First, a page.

These days, crude oil can be purchased at low prices, so why discuss solar energy? Part of the issue is that the oil market is very volatile and today’s “cheapest” prices could become tomorrow’s “most expensive” prices. Additionally, companies would do well to invest in solar energy because it is more often used to generate electricity than anything else. In fact, oil use accounts for only one percent of U.S. electricity generation and so continued discussion and investment in solar energy is essential for a sustainable society. Research efforts should continue to determine how best to transform sunlight into usable chemical fuels.
Today’s newspaper headlines seem to be filled with panic over one type of communicable disease followed by another. While some of the public furor may be manufactured and overhyped, the concern has driven home the importance of a basic method of disease prevention: handwashing. Many people have taken to relying on hand sanitizers in recent years. Despite its popularity, however, using hand sanitizer is not a replacement good old-fashioned handwashing. Soap is a basic CPG staple—we don’t just use it for disease-preventing handwashing; we use it to stay clean, period. Dirt, protein, fat—consumers want the ability to remove contaminants from their skin, no matter the circumstance and cause. But as any person who’s worked in a research laboratory or in the medical field can tell you, the more you cleanse your hands, the more it strips moisture from your skin in the process. When faced with the dilemma of balancing cleaning action and moisture preservation, what can CPG firms do?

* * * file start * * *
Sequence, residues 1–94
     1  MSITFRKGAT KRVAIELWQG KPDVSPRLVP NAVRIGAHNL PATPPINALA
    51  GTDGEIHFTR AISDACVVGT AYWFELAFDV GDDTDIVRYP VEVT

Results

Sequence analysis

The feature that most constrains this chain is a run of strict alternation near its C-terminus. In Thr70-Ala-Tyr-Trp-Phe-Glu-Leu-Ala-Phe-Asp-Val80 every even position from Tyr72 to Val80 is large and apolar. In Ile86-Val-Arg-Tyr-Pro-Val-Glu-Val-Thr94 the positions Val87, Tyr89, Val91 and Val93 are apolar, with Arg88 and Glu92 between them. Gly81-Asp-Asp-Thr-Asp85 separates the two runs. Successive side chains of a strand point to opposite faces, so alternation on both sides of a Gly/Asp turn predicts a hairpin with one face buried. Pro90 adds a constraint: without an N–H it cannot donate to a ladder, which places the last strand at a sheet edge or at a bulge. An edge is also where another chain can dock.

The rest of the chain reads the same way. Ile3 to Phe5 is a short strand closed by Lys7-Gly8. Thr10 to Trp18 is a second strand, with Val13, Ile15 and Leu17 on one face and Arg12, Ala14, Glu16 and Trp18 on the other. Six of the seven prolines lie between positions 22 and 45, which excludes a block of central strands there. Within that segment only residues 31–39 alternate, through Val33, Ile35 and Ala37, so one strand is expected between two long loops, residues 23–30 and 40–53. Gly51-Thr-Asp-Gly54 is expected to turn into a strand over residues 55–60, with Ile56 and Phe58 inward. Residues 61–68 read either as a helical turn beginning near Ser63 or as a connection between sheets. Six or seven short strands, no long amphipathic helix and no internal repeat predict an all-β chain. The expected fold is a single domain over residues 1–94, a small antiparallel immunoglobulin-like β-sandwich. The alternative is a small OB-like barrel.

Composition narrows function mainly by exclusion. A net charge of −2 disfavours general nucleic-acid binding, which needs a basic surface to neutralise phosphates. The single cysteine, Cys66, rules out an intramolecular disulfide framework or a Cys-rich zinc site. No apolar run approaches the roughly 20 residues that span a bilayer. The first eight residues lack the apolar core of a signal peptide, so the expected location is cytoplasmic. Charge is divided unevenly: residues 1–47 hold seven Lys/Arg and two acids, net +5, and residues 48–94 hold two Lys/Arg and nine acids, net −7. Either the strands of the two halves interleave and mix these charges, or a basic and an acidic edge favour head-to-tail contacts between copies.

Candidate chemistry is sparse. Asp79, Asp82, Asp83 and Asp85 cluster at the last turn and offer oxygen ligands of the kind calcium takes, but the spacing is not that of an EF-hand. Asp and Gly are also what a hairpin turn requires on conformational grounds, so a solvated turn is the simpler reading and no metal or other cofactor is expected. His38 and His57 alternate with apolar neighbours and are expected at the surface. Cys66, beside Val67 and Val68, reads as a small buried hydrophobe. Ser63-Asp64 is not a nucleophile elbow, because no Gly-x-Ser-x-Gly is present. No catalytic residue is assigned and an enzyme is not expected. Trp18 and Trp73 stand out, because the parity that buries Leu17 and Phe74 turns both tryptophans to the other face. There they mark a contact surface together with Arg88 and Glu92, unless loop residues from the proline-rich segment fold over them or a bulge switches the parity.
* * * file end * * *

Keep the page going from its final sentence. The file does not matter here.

Today’s CPG market faces a major challenge. Despite dollar sales of consumer-packaged goods going up, sector growth has actually been flat in recent years. If anything, inflation is the only thing countering the slide in volume sales. These difficulties shouldn’t be a surprise. We’re seeing slower than expected economic growth in multiple countries, leading to less consumer spending. What can CPG companies do in the current environment then? After all, pressures fueled by economic slowdowns aren’t the only thing they need to worry about. Increased regulatory measures have led to major changes such as removing key ingredients from popular products. Buyer preferences can shift quickly and unexpectedly, transforming trends into staples. The obvious answer is, of course, innovation. New and interesting products are what bring consumers into stores time and time again, as we’ve observed in the case of seasonal-inspired food flavors. The question, however, is how do we sustain the CPG innovation process in a market that puts the squeeze on profit margins?
I don’t know about other people but growing up, I thought yogurt was a weird, healthy version of ice cream. I eventually realized that’s not even remotely what yogurt is, but the association stuck with me for a long time, even after I’d incorporated it into my regular diet during high school. But isn’t it amazing how times have changed? Now, yogurt isn’t something that only people trying to lose weight or following a physical fitness program eat. It’s become one of the most dynamic food categories in recent years, evidenced by the marked growth in the yogurt market—in no small part thanks to the trendiness of Greek yogurt. Just imagine: in 2007, Greek yogurt made up only a tiny fraction of the yogurt market. Today, Greek yogurt makes up more than 50% of sales. Part of this has to do with the fact that yogurt has moved beyond a breakfast food.